Look, this presidential election, more than most any other, has created a great divide that, really, cannot be crossed. 'Kerry vs. Bush' has polarized the voting population with impressive rapidity and strength. The vast majority of potential voters already know who they're voting for, and they have for awhile. The "swing voter" is almost a myth. Not quite, of course, but closer than you think.

You either support Bush or you despise everything he has done and everything he stands for. Period. End of story. That, more than any conceivable issue, is what it all comes down to. So let's not look too deep. It's not necessary.

That's where Edwards comes in. That's why he was the most logical choice (although John McCain was attractive, as well.) Why? Because he has the most potential to influence the relatively small group of swing voters still lingering out there. He has that invaluable make-the-jurors-trust-you charm.

Forget Edward's short political track record. He had to start sometime, and his rise has been swift and impressive. He has, obviously, done something right in the political circus. This must not be overlooked. He's a successful politician. And let us not forget that Bush had no experience at the national level before 2000, nor that Bush was not a succesful politician (nor businessman) prior to his presidency. On this front, Republicans have very little ground to stand on.

Forget that Edwards was, as some say, Kerry's second choice, after McCain. Again, Dick Cheney and the Republicans don't have much to go on on this department.

Forget Edward's time as a lawyer. Hey, I won't deny having some negative feelings towards lawyers, as many people do, but so what if Edwards was a lawyer. What's the big deal? He came from a very modest, working class background and made millions in the court room. Good for him. And he battled for the "little people" who were getting "screwed" by big corporations. (He did. Look it up.) Again, good for him. Then he turned his back on it all, perhaps driven by the death of his son. Look, we all do something, and Edwards was a lawyer. Say it with me now...good for him.

Forget the fact that, despite being a Southerner, he won only South Carolina in the primaries. This is highly misleading, as Kerry beat him in every other Southern state for one reason, and one reason alone: Democrats, and other members of the large anti-Bush crowd, voted for whoever - WHOEVER! - represented the best chance of beating Bush. Many of these people would have voted for Al Sharpton's hairstylist if they thought that was the best chance to remove the present administration. Kerry stepped to the fore admirably in this way, and reaped the plentiful benefits.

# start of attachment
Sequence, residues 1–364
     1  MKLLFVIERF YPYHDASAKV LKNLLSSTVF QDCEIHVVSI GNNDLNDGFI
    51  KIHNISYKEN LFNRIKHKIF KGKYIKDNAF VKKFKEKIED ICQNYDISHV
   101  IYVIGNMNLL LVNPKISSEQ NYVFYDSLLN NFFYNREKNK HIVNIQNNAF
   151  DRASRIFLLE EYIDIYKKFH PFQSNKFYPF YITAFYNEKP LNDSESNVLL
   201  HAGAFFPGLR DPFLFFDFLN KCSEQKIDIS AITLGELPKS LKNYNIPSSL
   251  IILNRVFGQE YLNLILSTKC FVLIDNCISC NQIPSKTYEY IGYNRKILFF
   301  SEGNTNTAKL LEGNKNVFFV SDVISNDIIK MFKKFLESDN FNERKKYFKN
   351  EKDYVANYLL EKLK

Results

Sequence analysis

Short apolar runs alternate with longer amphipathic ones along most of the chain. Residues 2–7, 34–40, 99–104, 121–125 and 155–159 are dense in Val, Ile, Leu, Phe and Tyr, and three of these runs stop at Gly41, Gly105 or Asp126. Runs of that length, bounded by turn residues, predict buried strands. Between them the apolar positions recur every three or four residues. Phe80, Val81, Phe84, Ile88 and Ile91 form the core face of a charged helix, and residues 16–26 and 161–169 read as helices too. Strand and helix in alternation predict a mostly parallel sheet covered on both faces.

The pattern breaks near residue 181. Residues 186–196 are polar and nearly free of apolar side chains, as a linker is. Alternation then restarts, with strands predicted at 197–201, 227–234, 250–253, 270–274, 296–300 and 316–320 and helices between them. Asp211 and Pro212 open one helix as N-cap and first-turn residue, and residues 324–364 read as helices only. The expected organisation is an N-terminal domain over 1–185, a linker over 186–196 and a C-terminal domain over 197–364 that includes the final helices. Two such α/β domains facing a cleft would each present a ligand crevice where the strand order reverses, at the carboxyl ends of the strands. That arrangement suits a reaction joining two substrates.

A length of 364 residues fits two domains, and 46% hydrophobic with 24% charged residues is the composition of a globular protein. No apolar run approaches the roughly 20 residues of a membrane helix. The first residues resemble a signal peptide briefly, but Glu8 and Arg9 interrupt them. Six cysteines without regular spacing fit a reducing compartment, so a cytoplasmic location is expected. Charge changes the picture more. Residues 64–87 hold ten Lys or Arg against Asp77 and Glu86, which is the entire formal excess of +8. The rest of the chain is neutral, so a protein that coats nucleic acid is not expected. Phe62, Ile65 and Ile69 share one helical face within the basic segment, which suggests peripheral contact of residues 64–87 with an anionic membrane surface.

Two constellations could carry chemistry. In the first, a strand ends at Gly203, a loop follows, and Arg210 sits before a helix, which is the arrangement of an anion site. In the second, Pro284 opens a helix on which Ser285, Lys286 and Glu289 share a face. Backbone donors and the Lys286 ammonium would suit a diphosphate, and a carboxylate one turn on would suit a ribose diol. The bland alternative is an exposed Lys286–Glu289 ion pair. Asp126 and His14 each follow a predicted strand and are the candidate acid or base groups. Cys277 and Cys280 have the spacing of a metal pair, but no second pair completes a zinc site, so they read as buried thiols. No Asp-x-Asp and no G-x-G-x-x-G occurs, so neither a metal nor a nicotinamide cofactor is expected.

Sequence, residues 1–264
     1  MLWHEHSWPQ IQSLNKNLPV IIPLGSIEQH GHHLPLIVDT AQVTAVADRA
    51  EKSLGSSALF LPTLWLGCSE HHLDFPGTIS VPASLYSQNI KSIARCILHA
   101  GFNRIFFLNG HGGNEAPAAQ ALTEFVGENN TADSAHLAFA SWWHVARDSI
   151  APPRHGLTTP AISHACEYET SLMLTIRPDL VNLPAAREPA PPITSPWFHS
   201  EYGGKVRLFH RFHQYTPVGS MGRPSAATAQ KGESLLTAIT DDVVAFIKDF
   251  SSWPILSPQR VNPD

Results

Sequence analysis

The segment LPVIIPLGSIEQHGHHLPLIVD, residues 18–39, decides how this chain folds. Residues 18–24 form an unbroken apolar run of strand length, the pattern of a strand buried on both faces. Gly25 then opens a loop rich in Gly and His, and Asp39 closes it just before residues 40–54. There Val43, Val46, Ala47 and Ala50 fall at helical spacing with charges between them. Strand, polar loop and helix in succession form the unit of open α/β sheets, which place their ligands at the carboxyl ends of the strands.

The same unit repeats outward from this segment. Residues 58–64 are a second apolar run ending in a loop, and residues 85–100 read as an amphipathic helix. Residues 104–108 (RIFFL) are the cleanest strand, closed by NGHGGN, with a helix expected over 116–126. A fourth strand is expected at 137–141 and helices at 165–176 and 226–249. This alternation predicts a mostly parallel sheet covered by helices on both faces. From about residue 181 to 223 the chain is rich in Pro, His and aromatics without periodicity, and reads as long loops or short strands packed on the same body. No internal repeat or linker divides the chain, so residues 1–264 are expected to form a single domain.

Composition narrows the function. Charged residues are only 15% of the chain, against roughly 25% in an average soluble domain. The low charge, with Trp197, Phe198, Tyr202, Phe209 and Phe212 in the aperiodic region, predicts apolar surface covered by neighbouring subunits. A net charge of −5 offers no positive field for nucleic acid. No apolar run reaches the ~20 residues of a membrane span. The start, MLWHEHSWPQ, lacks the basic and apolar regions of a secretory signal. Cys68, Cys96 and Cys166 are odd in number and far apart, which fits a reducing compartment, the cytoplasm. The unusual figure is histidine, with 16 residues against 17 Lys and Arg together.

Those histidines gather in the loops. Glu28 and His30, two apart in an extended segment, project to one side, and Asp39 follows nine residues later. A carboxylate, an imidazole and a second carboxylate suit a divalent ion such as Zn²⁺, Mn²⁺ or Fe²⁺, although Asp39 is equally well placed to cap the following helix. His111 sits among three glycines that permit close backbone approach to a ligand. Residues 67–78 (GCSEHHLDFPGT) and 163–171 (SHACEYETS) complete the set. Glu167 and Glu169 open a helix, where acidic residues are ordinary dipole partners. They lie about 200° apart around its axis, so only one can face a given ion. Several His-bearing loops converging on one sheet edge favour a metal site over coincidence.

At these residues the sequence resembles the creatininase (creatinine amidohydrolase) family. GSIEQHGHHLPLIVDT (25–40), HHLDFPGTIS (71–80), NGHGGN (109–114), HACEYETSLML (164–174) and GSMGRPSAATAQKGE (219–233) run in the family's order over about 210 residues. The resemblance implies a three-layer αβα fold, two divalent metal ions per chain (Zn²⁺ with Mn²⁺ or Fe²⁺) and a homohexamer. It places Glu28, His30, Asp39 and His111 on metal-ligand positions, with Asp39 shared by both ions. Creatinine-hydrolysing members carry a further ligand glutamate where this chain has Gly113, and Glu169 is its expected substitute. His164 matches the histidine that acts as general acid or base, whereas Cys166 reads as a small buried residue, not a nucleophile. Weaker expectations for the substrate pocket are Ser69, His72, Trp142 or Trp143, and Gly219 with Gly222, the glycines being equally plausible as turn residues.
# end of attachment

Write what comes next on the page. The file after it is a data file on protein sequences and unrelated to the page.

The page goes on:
Forget that Edward's doesn't offer a so-called balanced ticket. As I've said, if you think the average American voters are meticulously dissecting each and every issue the way the "experts" do, you have highly commendable faith in them, and I envy you. I don't think I'm being unfairly hard on the average American (at least I hope not), but I myself am an average voter, as are my family, friends, and, essentially, everybody I know. While we may not be completely blind to the wide array of issues, we, ultimately, vote simply, perhaps naively, according to one bottom line: Who do we like? Who do we really like? Who do we connect to on a simple level? Who makes us feel good about our vote?

Edwards, with his youthful optimism, with his in-the-spotlight children creating a "family guy" aura, with his court room-honed skills to sway, with his overall charisma, is a man Americans are liable to fall in love with by election day.

Wait, did I say "love"?

OK, OK, he is a man people can "like" by election day, and they probably will.

Strangley enough, possibly sadly, this is the most important thing. Really, it is.